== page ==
Kiichiro Sato  /  AP
Unidentified family members leave Sago Baptist Church early Wednesday in Tallmansville, W. Va. after learning that 11 of the 12 coal miners who were initially thought to have survived an explosion in a coal mine have died. 
NBC News
By Ron Allen Correspondent
NBC News
updated 1/4/2006 6:04:16 PM ET 2006-01-04T23:04:16

TALLMANSVILLE, W.Va. — NBC News’ Ron Allen spent the night at the Sago Baptist Church in Tallmansville, W. Va., with family members of the miners as they went through hours of dread, then jubilation and, finally, utter devastation.

Allen describes the scene and how the media tried to cope with covering the awful miscommunication that transpired when 11 of the 12 miners that were thought to have survived the mine blast were found to be dead.

Can you describe the emotional roller-coaster for family members?
It was one of the most bizarre and intense emotional experiences I’ve seen, and I’ve covered disasters all over the world and all over the country; sadly, more than my fair share.

I’m still struggling to find the words to describe what happened. The scene up in the mountains was rainy, foggy, misty, and dank and it all happened on a narrow mountain road that was just packed with traffic in both directions. There were muggy, soggy fields on either side of the road and the community and media people were just slogging through all of it.

It was just an awful, wretched setting for such a horrible story and a horrible set of circumstances for these people and this town. 

These people were euphoric when they suddenly thought all the missing miners had been saved. There was no doubt in anyone’s mind — they had been praying all day, they had been worshipping together, they had been bonding together and now, some 40 hours into this ordeal, these hundreds of people were just convinced and euphoric that a miracle had happened.

That was the only explanation for it — a miracle. All day they had been hearing about no communication, poisonous, deadly air in the mine shaft, but all that seemed unimportant or irrelevant now because the men in the mine had been saved, or so they had been told.

Over the next few hours the mood just seemed to change.

The governor said that after he heard the news, he was in the church, but he said he started having doubts about 20 to 30 minutes later.

Slowly and gradually, I think many people here started having their doubts as well because there was no moment when an official came forward to share this great news with the media or the assembled families.

And sure enough, there was disaster — again. Someone here described it as just a cruel, cruel twist of circumstance here.

The families started coming out of the church in small in small groups. Some were just obviously and visibly crying and distressed, hugging each other for support. Some very angry at us (members of the media) standing there.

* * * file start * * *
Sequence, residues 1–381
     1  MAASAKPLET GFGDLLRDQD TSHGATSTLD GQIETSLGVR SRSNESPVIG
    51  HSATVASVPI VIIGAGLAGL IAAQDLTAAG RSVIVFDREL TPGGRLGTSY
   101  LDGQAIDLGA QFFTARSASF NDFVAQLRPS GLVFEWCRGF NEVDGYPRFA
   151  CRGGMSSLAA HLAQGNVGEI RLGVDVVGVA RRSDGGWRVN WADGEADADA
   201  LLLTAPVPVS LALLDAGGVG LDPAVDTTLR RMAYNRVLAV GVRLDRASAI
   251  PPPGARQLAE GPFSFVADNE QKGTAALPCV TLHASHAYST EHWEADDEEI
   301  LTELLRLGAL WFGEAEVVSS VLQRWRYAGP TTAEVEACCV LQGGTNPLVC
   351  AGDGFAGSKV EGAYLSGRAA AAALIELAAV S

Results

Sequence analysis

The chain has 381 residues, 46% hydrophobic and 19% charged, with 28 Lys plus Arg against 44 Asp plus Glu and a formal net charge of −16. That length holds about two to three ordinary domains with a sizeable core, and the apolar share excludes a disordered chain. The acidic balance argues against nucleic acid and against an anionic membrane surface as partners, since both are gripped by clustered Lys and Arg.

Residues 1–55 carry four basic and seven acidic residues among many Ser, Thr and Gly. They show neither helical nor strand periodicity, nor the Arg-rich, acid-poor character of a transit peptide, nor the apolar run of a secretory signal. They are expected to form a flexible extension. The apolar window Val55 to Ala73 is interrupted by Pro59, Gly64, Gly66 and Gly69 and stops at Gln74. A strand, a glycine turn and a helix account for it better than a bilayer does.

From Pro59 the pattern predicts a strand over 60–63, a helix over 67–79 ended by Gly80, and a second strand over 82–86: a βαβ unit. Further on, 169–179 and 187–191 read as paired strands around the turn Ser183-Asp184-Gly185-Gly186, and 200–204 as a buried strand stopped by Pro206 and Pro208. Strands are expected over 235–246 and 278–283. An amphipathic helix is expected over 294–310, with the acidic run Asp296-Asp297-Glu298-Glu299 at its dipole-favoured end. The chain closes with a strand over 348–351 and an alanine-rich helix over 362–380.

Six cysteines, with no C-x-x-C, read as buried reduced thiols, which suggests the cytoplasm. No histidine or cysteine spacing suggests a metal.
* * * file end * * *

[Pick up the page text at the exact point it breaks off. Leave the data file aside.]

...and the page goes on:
Word began to trickle out that the company officials had just told them that 11 miners did not make it.

Why? How? The relatives were angry, they felt betrayed, many said that they had been lied to by this company. They felt that the company had built up these expectations, given them this miracle, and then snatched it away from them. The anger was palpable, the tension was palpable

It was just unbelievable how they got it so wrong.

The only explanation that was offered to the families was: “miscommunication.” “Miscommunication?” they all said. What does that mean? “Miscommunication?”

They all filed out and vented their rage. It was just an unbelievable turn of events.

Has the sorrow of the community now turned to anger?
There is anger, grief and resignation. There is deep pain and loss because husbands, fathers, brothers, nephews, and grandfathers are no longer here.

That sense of loss, which was intense already, was just made that much worse by this bizarre set of circumstances that took place during a three to four hour period during the night. Listening to these people out there was just overwhelming. I have never experienced anything quite like this.

How difficult was it to cover this story?
I think among many of us in the media, among our colleagues, we started questioning this survival story about an hour later because no one came forward to share the good news. The governor, who had been briefing us regularly, had no official statement. No state officials, no one came forward to share this wonderful news or to explain how suddenly, after not hearing anything from the miners, they were suddenly safe.

After all of these dire assessments of the deadly air quality levels in the mine, that suddenly they were safe, it just didn’t seem to make sense, there was no explanation.

You don’t want to be cynical, you realize that you don’t know everything that is going on there, but eventually, we were all saying something is wrong here.

We all reported this news as well. I reported this news on the air, and to some extent, you just feel terrible. Because some people, when they were arriving said, “We heard this on the radio, We heard this on the TV. They said that they were safe. They lied to us, too.”

And of course, we’re out here trying to do the best that we can and just passing along what we were told. There seemed to be simply no doubt about it when it happened, how quickly the news spread and how sure the families were as they came out of the church celebrating.

Is the miracle of the one survivor any solace for the community there?
I have not spoken to that man’s family. I would imagine that they would have very deep, mixed emotions.

This is a very small, close-knit community. The miners come from some distances, but we were all struck and touched by how closely everyone pulled together.

Ron Allen is an NBC News Correspondent on assignment in Tallmansville, West Virginia.  


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